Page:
a) Yes – in a perfect world you’d have to do log n merges of size n, n/2, n/4 … (or better said 1, 2, 3 … n/4, n/2, n – they can’t be parallelized), which gives O(n). It still is O(n log n). In not-so-perfect-world you don’t have infinite number of processors and context-switching and synchronization offsets any potential gains.
b) Space complexity is always Ω(n) as you have to store the elements somewhere. Additional space complexity can be O(n) in an implementation using arrays and O(1) in linked list implementations. In practice implementations using lists need additional space for list pointers, so unless you already have the list in memory it shouldn’t matter.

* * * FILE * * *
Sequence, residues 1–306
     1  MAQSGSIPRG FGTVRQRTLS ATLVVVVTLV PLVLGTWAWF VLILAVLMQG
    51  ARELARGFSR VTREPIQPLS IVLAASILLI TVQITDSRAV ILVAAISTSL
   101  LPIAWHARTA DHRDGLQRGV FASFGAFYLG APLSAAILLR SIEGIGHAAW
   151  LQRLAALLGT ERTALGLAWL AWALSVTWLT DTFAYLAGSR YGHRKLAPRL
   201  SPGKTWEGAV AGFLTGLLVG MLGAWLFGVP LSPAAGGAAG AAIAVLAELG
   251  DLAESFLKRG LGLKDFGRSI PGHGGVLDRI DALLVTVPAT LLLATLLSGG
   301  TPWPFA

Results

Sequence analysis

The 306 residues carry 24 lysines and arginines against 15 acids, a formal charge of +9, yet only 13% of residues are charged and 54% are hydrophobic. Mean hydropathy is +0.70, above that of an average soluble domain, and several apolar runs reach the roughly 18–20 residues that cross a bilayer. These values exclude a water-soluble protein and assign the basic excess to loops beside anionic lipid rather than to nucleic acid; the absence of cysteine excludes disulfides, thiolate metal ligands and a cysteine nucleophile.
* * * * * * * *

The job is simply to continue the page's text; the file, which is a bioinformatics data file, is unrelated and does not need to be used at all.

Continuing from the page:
edit if you count stack frames, then it’s O(n)+ O(log n) , so still O(n) in case of arrays. In case of lists it’s O(log n) additional memory.
c) Lists only need some pointers changed during the merge process. That requires constant additional memory.
d) That’s why in merge-sort complexity analysis people mention ‘additional space requirement’ or things like that. It’s obvious that you have to store the elements somewhere, but it’s always better to mention ‘additional memory’ to keep purists at bay.